If you’re only going to one festival this summer, make sure it’s not this one:
So our mastering engineer Ray Staff didn’t win the ‘Mastering Engineer of the Year’ award that he was short-listed for. Guess that copy of Honey and Lava got lost in the post.
But we can at least boast that Matt Colton did. And last year Matt, as well as mastering releases by Coldplay, James Blake and George Michael, helped us and Ray out by sending me some files when Ray was away. I expect that explains why the judges gave him the award. He was very efficient and courteous, and seemed a thoroughly pleasant guy when I met him at Air (this was before his recent move to Alchemy). That sort of thing cuts a lot more ice with me than mastering Coldplay, and it wouldn’t be a surprise to find out that the judges agreed.
Hi-fi buff? Then you have to get some of these.
Then reload that page to get another must-have hi-fi accessory. But only if you’re the sort of audiophile who reads hi-fi magazines.
P.S. If this reminds you of the mighty Postmodern Generator, well, it’s still still going. Not sure the same can be said for postmodernism.
It Bites’ album Map of the Past arrived recently. On the cover was stuck a list of tour dates. And this reminded me of something that drives me nuts. (Well, all right, slightly annoys me). Every second band, venue or promoter webpage I go to (and even some festival pages) lists some exciting upcoming gig, but the date never mentions the year! This, of course, wouldn’t matter if bands and venues and promoters and festivals never folded, or if, when they did fold, they put a note on their web page to this effect. But of course bands, venues, promoters and festivals fold all the time, or they just run out steam, and they let their web pages just stay there, for years and years, with that exciting gig from 3 years ago still up there on the front page. And it’s up to you to work out whether this gig really is upcoming, or some ancient relic of history, by consulting a calendar to see if the date matches up with the day of the week. But then some of these web pages don’t even mention a day of the week! It’s just ‘Gig on June 18 at The Flying Monkey’, a date a suspiciously long way off. So you have to look up The Flying Monkey’s webpage to see if that gig is on this year. But The Flying Monkey’s webpage does the same thing! No years, and sometimes no day of the week. So then you have to do some more detective work. Not hard detective work, sure, but a time-waster when it happens over and over. So thank you, defunct band that couldn’t be bothered to update their web page when the bass player went to Dubai and they never found anyone else.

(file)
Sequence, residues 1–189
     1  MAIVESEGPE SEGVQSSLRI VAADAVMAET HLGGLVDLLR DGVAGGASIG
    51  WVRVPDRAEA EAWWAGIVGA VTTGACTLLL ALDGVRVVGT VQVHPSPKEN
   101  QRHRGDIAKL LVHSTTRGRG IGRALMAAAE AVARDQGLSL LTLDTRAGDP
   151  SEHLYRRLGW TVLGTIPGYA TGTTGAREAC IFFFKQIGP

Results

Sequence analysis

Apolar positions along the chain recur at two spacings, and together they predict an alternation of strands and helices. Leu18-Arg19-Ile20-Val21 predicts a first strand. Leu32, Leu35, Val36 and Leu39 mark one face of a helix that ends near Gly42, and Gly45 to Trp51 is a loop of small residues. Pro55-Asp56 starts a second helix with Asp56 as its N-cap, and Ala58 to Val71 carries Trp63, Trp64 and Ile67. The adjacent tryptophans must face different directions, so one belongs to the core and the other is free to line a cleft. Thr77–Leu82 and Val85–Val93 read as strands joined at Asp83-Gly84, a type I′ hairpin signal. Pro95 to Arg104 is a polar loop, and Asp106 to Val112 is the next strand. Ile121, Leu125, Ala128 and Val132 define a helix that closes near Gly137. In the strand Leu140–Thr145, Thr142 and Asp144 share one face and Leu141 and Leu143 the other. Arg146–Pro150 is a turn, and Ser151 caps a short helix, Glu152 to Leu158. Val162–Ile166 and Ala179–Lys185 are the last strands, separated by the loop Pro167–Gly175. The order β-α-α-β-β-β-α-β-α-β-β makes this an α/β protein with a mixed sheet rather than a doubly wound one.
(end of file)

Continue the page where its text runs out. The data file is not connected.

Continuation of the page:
So if you’re a current band who really do have an exciting gig coming up at The Flying Monkey in June of this year, please put “2013” in the date (and the day of the week, to save me having to look that up as well). Because if you don’t, I might just decide that you’re probably no more, and that this gig is a ‘map of the past’. (And if your main page is a MySpace page, then I’m unlikly to even visit, because I know there’s a 90% probability that I will find on it the words “Last Login: 23/8/2009”.)
So what was on the It Bites sticker? A list of tour dates with no year and no days of the week listed! I’m going to presume that these are 2012 dates, because that’s when the album was released. But what a shame if they were 2013 dates, and nobody realized?
Coralspin mastering engineer Ray Staff has been short-listed for The Music Producers Guild Mastering Engineer of the Year Award. We expect that this is almost entirely due to his great work mastering Honey and Lava. Possibly some of the other albums he did may have helped, but not much, I would have thought.
I’m probably going to get into trouble for this, but what the hell, it’s time the truth was told and a few inflated reputations exploded, and it’ll be out in the media soon enough anyway.
Ever wondered how your favourite guitar hero manages to sound so masterful on record despite looking like they’d have trouble understanding the point of a fence-post? To move closer to home — I’ll name no other names as I don’t want to black-balled by the entire industry — how is it that Coralspin’s Jake Simmons manages to solo like a God while in reality being the sort of man who would rather spend his day vandalizing train tracks than practise his instrument? The answer lies in the modern studio’s ‘little helper’ applications, the main culprit in this case being the Phoenix Pro — here’s a clip of it in action: